Photo: Linda Sack and her lovely natural hair color.

About Renee Bates

Renee is the executive director of the non-profit, Greenways for Nashville, a member based organization. In addition to growing private support for the trails and green spaces, she enjoys oil painting, hiking, nature and working in the garden. Renee is married to David Bates of Bates Nursery and Garden Center, a 3rd generation business begun in 1932 by a savvy woman, Bessie Bates.

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The Other Side of the Couch – What Makes a Relationship Last?  Kindness and Generosity

CoupleHow do we know that we have found the “right” mate?  How do we know, once we have found that person, that we will not be part of the 50% of new marriages that end in divorce?  Emily Esfahani Smith has written an excellent article in The Atlantic that appeared on June 12, 2014.  It is well worth reading.

“Science says lasting relationships come down to — you guessed it — kindness and generosity.”

“Every day in June, the most popular wedding month of the year, about 13,000 American couples will say, ‘I do,’ committing to a lifelong relationship that will be full of friendship, joy, and love that will carry them forward to their final days on this earth,” says Smith. “Except, of course, it doesn’t work out that way for most people.”

Click on this link to read the article. You will be glad you did!

About Susan Hammonds-White, EdD, LPC/MHSP:

Susan is a communications and relationship specialist, counselor, Imago Relationship Therapist, businesswoman, mother, and proud native Nashvillian. She has been in private practice for over 30 years. As she says, “I have the privilege of helping to mend broken hearts.” Contact Susan at

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Have a HerSavvy New Year!

Happy New Year

I am the lucky HerSavvy gal who gets the first post of 2015!  I have written before that I am not a fan of “resolutions.”  Resolutions, to me, feel absolute, black and white.  Resolutions are either kept or broken.  If you keep one, you are successful.  If you break one, you fail.  Since I already carry my fair share of “Jewish guilt,” I see no need to pile more on right from the beginning of the year.

I do, however, believe in setting goals.  And while many people see the beginning of the year as a “blank slate,” I approach it as an opportunity to choose what issues or projects to carry with me into the future, and what to leave behind.  So, without further ado, here are my goals for 2015:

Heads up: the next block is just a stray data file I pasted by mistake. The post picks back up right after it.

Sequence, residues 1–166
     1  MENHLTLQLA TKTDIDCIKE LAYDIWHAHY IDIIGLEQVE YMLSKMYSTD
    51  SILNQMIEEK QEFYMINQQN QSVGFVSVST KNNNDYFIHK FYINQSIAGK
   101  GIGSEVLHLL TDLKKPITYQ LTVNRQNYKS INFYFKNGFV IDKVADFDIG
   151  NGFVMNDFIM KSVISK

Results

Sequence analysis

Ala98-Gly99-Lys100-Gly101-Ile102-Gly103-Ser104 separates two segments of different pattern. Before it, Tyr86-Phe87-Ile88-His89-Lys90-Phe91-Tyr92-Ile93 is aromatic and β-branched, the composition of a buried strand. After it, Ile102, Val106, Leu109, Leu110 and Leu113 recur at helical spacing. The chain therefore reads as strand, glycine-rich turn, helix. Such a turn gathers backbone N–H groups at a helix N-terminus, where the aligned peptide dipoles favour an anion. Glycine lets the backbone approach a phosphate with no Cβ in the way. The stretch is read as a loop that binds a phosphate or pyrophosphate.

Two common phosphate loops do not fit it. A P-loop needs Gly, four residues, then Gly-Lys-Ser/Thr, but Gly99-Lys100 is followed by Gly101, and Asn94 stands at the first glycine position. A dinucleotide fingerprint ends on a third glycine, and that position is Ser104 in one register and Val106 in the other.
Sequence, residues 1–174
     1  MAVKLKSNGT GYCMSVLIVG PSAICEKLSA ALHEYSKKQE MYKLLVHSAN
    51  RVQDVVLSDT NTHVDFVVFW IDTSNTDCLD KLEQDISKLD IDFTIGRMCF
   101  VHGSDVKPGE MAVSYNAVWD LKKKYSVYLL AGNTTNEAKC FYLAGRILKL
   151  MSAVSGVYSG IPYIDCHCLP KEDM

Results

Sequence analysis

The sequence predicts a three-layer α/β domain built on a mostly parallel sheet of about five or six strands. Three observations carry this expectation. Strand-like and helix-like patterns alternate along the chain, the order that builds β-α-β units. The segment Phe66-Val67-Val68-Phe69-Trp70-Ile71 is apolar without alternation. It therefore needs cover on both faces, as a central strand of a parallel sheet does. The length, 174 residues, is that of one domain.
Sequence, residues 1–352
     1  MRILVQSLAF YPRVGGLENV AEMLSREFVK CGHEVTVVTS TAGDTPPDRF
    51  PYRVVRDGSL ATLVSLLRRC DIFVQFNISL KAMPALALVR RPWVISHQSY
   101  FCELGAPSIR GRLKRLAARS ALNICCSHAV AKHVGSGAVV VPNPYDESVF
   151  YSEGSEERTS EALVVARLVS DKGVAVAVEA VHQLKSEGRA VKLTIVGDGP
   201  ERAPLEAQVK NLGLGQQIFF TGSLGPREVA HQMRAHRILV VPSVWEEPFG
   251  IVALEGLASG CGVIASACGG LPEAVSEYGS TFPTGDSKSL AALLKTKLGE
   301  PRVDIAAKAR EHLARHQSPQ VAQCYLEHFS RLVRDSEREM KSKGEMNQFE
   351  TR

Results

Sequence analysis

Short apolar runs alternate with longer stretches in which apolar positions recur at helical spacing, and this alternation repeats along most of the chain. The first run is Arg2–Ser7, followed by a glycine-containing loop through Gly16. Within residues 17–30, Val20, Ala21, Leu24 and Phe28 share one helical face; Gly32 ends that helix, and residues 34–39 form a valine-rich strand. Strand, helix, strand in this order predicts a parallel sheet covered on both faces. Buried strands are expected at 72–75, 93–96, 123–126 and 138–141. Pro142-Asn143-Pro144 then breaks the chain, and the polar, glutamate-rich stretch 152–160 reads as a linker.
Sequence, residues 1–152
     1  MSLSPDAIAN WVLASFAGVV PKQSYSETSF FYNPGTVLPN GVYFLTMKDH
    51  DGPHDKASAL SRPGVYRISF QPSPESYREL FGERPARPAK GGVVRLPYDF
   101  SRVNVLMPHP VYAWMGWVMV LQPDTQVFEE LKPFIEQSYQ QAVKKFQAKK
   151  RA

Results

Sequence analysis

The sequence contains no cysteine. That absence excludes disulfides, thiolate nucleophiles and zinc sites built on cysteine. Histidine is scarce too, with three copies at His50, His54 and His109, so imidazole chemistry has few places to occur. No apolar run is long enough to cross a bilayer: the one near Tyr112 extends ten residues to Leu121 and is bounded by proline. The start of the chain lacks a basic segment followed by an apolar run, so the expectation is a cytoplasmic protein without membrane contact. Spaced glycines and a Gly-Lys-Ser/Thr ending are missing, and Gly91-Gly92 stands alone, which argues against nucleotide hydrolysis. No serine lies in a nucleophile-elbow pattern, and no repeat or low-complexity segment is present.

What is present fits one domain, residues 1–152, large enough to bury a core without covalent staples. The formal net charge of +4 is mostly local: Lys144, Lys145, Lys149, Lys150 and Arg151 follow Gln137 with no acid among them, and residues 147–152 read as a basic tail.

1. Exercise good self-care. That means continue my quest for lifelong good health, fitness, energy and vitality.
  2. Focus my mental and intellectual energy where it is most meaningful. Change is difficult, but often necessary in order to pursue a purposeful and fulfilling life.
  3. Read more. I set this goal every year.  For me reading is a glorious pastime that engages my senses and refreshes my soul.
  4. Listen better. I believe listening is one of the most critical elements in good relationships.  Good listening builds bridges of understanding and trust.
  5. Practice patience. My mother used to say, “All good things come to those who wait.”  I did not understand what she meant for a very long time.  I thought you had to just sit and wait for things to happen.  I now know she was trying to teach me to be willing to work hard and not expect immediate results.  Important goals and dreams take time to realize.  Mom, I get it!

In the coming year, I wish all of you good health, love, patience and the courage to set goals and reach for your dreams.

About Barbara Dab:

Barbara Dab is a journalist, broadcast radio personality, producer and award-winning public relations consultant. She currently hosts two radio shows locally in Nashville, TN. Check out her website at

Barbara is also creator of The Peretz Project: Stories from the Shoah: Next Generation. Check it out at If you, or someone you know, is the child of survivors of the Shoah, The Holocaust, and would like to tell your story please leave a comment and Barbara will contact you.